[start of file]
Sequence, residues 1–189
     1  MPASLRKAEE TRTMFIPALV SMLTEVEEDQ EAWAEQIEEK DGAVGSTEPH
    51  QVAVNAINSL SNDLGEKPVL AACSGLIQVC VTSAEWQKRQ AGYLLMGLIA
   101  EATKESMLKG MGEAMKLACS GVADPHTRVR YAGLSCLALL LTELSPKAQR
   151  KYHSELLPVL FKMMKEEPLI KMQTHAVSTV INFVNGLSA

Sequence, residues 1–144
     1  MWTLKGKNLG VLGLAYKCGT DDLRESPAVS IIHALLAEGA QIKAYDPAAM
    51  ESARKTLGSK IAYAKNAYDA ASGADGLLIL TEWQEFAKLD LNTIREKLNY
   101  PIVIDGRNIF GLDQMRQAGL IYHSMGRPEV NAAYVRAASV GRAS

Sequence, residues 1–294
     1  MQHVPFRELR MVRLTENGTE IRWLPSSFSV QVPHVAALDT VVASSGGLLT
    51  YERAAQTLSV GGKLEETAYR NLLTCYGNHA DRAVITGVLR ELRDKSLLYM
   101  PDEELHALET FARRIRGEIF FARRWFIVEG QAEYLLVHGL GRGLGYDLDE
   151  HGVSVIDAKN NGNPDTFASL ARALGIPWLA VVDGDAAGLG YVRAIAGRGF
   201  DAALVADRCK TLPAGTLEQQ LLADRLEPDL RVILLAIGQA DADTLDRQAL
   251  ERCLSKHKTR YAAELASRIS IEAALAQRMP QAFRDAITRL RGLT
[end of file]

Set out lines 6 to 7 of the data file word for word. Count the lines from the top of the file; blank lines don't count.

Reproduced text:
Sequence, residues 1–144
     1  MWTLKGKNLG VLGLAYKCGT DDLRESPAVS IIHALLAEGA QIKAYDPAAM